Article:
Well now we can all stop wondering. Wonder if it will be sell the news now that we have clarity. Looks to me like Bears have been on the sidelines simply waiting for a decision.

johngaltfla's picture

As I said in the other thread:


The 2/10 yield curve would flatten.


Da bitch has flattened like Senator Robert Byrd's EKG.


Now we're going to see compression in the markets where the 2 sticks around 0.50% and the 10 dives down to test 2.25-2.5% yield levels.

equity_momo's picture

Fed just jumped the shark. All credibility gone. Gold blue sky this month. >1500 by year end. And im not even a gold bug , im just stating how this is going to go down. JPM are going to have to short the output of South Africa and China combined to keep a lid on this.

LeBalance's picture

Become flexible.

Grab ass.

Kiss it, Goodbye.

(but we knew that along time ago).

NotApplicable's picture

It's too late to become flexible.

Question is, can one remain flexible?

Semper Gumbious

Rusty_Shackleford's picture

It took me a second, but that was funny.  Thanks.

DoChenRollingBearing's picture

Agree with Rusty 100%.  Truly funny.  Great minds here at ZH.

Buy gold!

Take $500 (or local currency) from the ATM Thursday!  "Let's Deflate the Bitchez!"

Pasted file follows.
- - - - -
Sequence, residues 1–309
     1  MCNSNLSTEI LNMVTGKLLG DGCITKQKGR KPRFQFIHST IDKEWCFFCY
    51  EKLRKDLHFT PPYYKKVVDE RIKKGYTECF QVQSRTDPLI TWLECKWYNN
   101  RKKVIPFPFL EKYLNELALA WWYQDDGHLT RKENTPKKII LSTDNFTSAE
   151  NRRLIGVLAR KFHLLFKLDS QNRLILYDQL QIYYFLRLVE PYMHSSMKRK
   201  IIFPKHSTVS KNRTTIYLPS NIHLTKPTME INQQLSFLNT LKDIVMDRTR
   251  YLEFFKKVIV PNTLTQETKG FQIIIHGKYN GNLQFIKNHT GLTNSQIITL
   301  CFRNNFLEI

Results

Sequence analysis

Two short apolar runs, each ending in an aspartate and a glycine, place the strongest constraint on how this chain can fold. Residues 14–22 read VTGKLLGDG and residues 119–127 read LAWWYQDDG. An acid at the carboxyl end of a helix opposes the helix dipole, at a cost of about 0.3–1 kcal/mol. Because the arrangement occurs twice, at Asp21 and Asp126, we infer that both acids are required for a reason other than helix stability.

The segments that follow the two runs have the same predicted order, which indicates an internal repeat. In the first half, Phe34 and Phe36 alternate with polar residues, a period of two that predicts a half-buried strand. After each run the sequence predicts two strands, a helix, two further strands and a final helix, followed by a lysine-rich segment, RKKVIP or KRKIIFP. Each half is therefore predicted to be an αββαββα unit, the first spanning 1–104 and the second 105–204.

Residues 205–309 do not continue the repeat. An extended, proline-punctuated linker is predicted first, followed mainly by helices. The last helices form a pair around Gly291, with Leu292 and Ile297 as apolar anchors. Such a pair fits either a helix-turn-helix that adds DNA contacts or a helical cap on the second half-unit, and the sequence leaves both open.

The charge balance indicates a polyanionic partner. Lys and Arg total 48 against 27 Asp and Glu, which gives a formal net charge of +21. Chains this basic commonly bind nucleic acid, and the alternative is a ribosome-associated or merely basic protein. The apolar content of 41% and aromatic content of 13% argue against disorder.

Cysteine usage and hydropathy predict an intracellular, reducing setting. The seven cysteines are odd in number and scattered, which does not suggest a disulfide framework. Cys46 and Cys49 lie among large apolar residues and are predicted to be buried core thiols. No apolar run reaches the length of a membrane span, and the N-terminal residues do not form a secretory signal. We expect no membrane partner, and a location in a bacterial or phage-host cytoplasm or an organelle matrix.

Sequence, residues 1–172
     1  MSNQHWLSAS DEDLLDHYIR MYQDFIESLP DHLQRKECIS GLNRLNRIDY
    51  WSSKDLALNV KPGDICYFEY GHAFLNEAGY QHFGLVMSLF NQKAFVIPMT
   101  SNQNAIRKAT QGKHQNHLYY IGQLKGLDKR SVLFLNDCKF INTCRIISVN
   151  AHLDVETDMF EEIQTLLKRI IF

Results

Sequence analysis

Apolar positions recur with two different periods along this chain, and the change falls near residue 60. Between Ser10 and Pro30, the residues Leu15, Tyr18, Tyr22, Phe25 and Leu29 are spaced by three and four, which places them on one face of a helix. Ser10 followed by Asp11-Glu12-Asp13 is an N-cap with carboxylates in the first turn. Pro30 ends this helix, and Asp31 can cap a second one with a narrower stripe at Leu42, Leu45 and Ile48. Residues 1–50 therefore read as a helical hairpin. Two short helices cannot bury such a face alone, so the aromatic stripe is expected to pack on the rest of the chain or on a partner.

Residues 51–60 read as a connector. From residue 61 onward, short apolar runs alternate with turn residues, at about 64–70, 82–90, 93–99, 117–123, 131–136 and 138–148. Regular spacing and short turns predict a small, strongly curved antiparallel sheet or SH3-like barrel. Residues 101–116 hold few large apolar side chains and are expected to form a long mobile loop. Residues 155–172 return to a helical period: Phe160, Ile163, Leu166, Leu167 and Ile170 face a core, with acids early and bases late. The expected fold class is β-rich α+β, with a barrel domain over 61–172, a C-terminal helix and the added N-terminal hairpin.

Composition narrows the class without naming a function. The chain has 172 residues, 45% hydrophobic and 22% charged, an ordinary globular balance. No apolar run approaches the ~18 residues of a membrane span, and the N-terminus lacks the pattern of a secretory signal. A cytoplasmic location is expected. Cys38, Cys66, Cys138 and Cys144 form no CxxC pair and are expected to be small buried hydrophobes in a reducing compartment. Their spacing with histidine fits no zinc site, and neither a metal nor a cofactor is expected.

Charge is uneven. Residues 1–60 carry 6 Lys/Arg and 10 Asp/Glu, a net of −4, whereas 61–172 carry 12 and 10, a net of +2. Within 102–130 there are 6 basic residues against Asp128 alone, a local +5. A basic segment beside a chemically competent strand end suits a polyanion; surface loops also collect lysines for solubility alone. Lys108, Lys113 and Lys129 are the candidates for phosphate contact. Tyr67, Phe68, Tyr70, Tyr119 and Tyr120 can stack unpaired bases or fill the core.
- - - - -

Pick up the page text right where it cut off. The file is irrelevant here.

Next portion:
MonkeyMan's picture

Black Friday to follow - the 13th will be unlucky for some. I call crash.

-Michelle-'s picture

Too funny.  That's the second time I've seen that today and on two wildly different forums.

Eternal Student's picture

Thanks for that crappy advice, LeBalance. I tried it and got slapped.

rapunzel's picture

grab ass kiss it
whoooosh hee-ha

oklaboy's picture

what a croc of chit

Andy_Jackson_Jihad's picture

S&P up 5+ points in seconds based on a bad economic outlook.

assumptionblindness's picture

Any news that borrowing costs (bonds) are going to remain low is beneficial to the S&P companies who are waist-deep (and soon to be neck-deep) in debt.

SheepDog-One's picture

'SWOOOOSH'!! Trademark that quick! Oh wait...

FASB 666's picture

Hoenig was that 4th dentist who just never believed in flouride

Anonymouse's picture

I think the quote you are looking for is "4 out of 5 dentists surveyed recommended sugarless gum for their patients who chew gum".  I think that would make Hoenig (in your analogy) dentist #5 (who apparently recommended taffy).  I don't think the analogy holds.  It's Bernanke giving out the candy.  Consequences be damned

GoinFawr's picture

Machoman: I respectfully disagree.

And special thanks to ZH for being so quick on the draw with these bulletins <removes hat>


Anonymouse's picture

Bernanke to China:  Screw you.  We'll buy our own bonds.

assumptionblindness's picture

China to Bernanke:  Since you are buying treasury bonds, how about buying some of the ones that we are selling.  XOXO

GoinFawr's picture

China to China: Hell, let's take a lesson from the US and buy our own bonds


LeBalance's picture

for just a leetle while.

SteveNYC's picture

I mean, let's really think about this:

1) Government is financed via a "bank" that prints it little pieces of paper (or digits) that it can use to "pay" for its shit. Government issues IOU's to said "bank"

2) Millions all over the world get their asses out of bed every day to slave for said paper/digits. In this case, the slaves trade labor for said "paper" that said "bank" prints and gives to said Government